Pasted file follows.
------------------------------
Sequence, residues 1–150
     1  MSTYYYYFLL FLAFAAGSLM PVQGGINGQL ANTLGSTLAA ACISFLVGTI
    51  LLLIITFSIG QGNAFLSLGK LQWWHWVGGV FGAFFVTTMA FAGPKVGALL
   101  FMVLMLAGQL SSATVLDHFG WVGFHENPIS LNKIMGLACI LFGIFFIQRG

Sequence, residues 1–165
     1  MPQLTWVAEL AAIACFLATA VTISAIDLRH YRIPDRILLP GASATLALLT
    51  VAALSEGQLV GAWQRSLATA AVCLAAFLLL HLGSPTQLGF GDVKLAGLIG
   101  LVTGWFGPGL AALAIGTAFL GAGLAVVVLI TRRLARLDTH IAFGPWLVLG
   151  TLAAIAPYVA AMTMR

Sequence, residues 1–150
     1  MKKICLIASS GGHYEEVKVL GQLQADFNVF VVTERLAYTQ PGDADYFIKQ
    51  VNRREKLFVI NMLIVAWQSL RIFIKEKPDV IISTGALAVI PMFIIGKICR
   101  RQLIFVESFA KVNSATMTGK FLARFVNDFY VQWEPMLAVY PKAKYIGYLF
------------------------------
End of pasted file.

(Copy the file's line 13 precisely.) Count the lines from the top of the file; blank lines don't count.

   101  RQLIFVESFA KVNSATMTGK FLARFVNDFY VQWEPMLAVY PKAKYIGYLF